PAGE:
New Hollings study reveals barriers, presents solutions to improve prostate cancer screening among Black men


Ending health disparities isn’t just something Nicholas Shungu, MD, preaches – it’s something he practices every day as an MUSC Health family medicine physician. It’s one reason he led a new study revealing barriers, and presenting solutions, to improving prostate cancer screening decision-making among Black men.

“Historically, Black men haven’t been included in studies that guide screening recommendations,” Shungu said. “I’ve always had a desire to change that.”

That desire became even stronger during medical school when Shungu’s father was diagnosed with and treated for prostate cancer near their New Jersey home. That experience was a driving factor in a study led by Shungu that was published in the Journal of the American Board of Family Medicine.

In the study, titled Barriers and Facilitators to Informed Decision-Making About Prostate Cancer Screening Among Black Men, researchers found that the majority of the 21 Black men who participated didn’t feel as though they had adequate information to make an informed decision about prostate cancer screenings.

“We know that Black men have a higher incidence rate and mortality rate of prostate cancer than white men,” Shungu said. “Despite that, we are still falling short in providing adequate education about screenings and reaching the populations that are at a higher risk.”

Participants in the study took part in a focus group to discuss their experiences as patients, their knowledge of prostate cancer screening and their attitudes toward screening recommendations. A majority of the men, 61.9%, had a friend or family member diagnosed with prostate cancer and had also talked with a doctor about prostate cancer screening before. However, only 47.6% of participants had been screened for prostate cancer using a PSA blood test.

“I think there are two big takeaways. One, we as clinicians must do a better job about educating and talking with patients, especially Black men, about prostate cancer and screening options available to them,” Shungu said. “Second, we really need to help patients feel more comfortable making a decision about prostate cancer screening.”

Researchers identified several barriers in the study that affected the likelihood of making an informed decision about prostate cancer screening. In addition to not feeling educated enough to make an informed decision about screening, participants also told researchers that they hadn’t had proper discussions with their doctors about the perceived benefits and risks of getting tested. There also was concern about pride and the fear that being screened could impact a man’s sexual function.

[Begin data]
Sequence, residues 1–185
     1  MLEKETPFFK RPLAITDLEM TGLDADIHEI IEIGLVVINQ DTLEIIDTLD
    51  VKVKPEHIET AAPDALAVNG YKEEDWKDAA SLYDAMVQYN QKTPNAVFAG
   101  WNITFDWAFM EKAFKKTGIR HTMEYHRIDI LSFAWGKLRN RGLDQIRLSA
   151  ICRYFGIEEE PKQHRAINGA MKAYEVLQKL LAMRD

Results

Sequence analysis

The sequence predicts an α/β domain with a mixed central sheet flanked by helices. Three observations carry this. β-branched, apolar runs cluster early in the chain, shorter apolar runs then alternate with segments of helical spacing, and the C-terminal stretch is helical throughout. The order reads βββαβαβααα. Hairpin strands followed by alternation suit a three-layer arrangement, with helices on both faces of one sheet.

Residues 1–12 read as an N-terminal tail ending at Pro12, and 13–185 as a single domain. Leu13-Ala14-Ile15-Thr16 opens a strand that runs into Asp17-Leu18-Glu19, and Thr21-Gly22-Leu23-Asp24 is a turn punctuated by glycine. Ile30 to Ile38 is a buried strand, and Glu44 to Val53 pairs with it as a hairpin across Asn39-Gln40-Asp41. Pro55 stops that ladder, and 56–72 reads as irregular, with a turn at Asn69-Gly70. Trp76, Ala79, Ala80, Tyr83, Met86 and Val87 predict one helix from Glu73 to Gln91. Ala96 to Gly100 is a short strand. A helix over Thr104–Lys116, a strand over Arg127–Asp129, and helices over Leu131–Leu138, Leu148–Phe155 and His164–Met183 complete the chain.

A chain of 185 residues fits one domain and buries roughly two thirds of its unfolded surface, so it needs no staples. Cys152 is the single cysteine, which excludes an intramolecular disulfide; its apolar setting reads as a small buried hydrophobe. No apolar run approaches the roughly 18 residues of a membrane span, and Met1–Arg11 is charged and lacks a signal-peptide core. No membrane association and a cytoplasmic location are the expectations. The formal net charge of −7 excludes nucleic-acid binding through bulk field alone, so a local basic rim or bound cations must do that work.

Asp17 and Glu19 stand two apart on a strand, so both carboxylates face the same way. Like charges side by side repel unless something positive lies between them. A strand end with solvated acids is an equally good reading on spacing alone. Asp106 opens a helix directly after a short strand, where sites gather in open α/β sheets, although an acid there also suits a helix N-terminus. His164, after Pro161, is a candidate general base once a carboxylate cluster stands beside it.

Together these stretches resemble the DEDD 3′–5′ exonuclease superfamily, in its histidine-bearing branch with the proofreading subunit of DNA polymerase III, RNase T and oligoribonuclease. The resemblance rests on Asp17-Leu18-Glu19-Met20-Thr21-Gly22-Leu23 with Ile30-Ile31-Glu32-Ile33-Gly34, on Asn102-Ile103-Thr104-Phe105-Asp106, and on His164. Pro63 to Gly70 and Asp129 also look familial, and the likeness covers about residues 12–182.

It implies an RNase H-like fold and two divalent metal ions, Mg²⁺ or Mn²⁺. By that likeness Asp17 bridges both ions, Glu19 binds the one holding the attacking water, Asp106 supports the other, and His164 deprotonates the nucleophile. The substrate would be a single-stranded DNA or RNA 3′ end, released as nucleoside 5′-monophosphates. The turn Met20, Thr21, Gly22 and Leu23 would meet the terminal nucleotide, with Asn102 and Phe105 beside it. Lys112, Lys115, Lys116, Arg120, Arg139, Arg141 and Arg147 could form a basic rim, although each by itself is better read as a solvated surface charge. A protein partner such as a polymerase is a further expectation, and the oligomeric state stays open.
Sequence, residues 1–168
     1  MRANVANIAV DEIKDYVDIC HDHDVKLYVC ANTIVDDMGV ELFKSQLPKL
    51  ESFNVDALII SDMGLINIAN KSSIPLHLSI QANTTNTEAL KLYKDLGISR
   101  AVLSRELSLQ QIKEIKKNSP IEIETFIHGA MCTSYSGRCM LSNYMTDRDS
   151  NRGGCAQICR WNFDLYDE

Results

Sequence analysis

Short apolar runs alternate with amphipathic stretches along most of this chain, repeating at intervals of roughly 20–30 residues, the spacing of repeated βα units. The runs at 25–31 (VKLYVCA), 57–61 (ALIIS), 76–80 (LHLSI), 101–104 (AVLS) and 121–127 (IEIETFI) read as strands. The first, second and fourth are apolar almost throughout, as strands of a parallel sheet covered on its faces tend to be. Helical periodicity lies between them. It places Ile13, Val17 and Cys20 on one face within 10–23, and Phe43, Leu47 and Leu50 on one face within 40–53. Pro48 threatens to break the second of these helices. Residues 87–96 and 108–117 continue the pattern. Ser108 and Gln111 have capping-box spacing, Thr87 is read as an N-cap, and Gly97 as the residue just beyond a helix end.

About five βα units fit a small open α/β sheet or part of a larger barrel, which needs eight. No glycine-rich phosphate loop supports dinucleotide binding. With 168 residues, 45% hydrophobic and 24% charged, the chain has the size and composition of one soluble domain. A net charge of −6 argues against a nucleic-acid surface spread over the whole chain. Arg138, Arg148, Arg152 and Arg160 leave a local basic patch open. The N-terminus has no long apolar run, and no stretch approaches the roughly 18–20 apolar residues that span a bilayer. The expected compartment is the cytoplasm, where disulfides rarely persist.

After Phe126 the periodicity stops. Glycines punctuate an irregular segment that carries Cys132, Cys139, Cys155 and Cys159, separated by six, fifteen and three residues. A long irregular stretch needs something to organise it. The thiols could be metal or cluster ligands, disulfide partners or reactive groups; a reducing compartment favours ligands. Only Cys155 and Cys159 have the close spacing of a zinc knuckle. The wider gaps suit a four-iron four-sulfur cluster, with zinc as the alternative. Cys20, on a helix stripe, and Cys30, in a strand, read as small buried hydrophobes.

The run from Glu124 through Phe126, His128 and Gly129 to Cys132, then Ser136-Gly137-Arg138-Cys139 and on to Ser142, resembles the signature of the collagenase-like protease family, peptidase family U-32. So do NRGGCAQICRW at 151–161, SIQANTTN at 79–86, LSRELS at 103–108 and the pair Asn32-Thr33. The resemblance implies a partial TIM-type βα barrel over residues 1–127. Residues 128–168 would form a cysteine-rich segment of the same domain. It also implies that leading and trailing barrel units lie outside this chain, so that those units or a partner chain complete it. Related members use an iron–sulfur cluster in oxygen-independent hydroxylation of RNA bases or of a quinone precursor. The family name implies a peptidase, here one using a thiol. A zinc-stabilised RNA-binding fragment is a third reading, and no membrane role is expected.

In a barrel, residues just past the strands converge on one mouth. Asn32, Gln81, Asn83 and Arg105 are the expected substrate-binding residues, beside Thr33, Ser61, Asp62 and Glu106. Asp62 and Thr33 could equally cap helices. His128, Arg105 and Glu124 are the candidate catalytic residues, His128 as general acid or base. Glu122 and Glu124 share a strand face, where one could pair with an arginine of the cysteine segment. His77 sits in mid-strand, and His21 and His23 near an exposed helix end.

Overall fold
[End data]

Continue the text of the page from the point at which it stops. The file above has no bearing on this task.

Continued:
“Screening doesn’t affect sexual function,” Shungu said. “If diagnosed with prostate cancer, there is the possibility of erectile dysfunction and urinary incontinence stemming from treatment, but that is down the road and not something caused by screening itself.”

Katherine Sterba, PhD, an MUSC Hollings Cancer Center researcher and co-author of the study, said she was also surprised about the confusion and misconceptions participants had about the types of screening tests available and the difference between prostate cancer screening and a colonoscopy. Sterba said many of the men thought that the only way to screen for prostate cancer was through a digital rectal exam and were unfamiliar with the PSA blood test option.

“This study is a great example of research questions coming directly out of clinical practice,” Sterba said. “It’s so important to listen to patients, understand their experiences and use research findings to guide clinical practice about how best to talk with and advise patients.”

By providing better resources and education about prostate cancer screening and encouraging dialogue about it in the community, researchers believe more Black men would make informed decisions about screenings.

Shungu said efforts already underway at Hollings, such as the SC Amen Program, will play an important role in education and awareness within the Black community. Shungu believes that those efforts, along with candid discussions with their doctors about prostate cancer screening, could save lives moving forward.

“These are difficult conversations to have. We as doctors have to do better. We need to be more comfortable having real conversations with these men,” he said. “I hope that this study and my work in medicine can help to reduce health disparities and save lives. That’s my ultimate goal.”

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